One of the things I like about giving blood is that I always bump into at least one person I haven't seen in a while. So the event is one of those things that helps tie a community together. And I like that it takes place in the High School cafeteria area, because the kids walk through and by and are exposed to the example of community members engaged in volunteer service as a sort of routine, expected thing. It's good role modeling. And I like that some of the kids themselves volunteer as helpers and some of the ones who are old enough donate blood. And I really, really like that Kathleen Hermanson (a rather legendary baker) always brings big trays of a variety of cookies and bars. They put my brownies to shame. I don't care. I just enjoy.

Saturday, September 08, 2007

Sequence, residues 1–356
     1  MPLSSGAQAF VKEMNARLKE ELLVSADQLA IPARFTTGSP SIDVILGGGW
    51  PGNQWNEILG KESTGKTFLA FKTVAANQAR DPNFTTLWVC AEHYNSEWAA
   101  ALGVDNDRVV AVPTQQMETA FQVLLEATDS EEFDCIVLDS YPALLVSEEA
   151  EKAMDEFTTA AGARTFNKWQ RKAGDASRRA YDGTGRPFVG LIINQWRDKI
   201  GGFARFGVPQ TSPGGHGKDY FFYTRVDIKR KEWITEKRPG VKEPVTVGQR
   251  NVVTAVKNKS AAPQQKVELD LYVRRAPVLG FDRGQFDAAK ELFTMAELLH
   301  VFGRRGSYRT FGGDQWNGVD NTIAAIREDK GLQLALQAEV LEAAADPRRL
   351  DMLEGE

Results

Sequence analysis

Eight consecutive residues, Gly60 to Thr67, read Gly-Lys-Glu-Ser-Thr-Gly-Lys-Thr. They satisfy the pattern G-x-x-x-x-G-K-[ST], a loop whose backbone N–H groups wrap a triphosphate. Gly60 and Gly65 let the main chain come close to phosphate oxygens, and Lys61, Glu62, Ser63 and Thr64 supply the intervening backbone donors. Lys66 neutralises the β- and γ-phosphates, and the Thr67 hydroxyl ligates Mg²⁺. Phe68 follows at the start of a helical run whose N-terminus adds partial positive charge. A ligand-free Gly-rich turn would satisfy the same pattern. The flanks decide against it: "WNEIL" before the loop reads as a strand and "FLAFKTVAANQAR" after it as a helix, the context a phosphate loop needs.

Hooray for The Road to Socialism!

My Opal sock yarn order arrived, and the colors of "The Road to Socialism" are just as nice as they looked on the computer screen. OK, I confess I ordered two colorways.... well three (but the third is on back order.) The one on the right is "Singing Steamer".
I've been making progress on the "Rainy Day on Dear Waves" pair. I decided not to do an afterthought heel, so I "unvented" a sort of shape that looks pretty much like a heel.

Actually, after I finished it, I realized that it'a pretty similar in construction (though not exactly identical) to the "Shaped Common Heel" in Nancy Bush's Folk Socks. Mine didn't involve any grafting, but does have a couple of little "dog ears" where the gusset pick ups start and end. They flatten out it wear, though. It fits pretty well, and I think I will just go ahead and do the second one to match.

Sometimes everyone has to get in on the act.

Sock With Two Cats and a Shoe


The portion of the Red Scaft that I blocked did flatten out very nicely, so now it's full steam ahead to finish it in time for the deadline.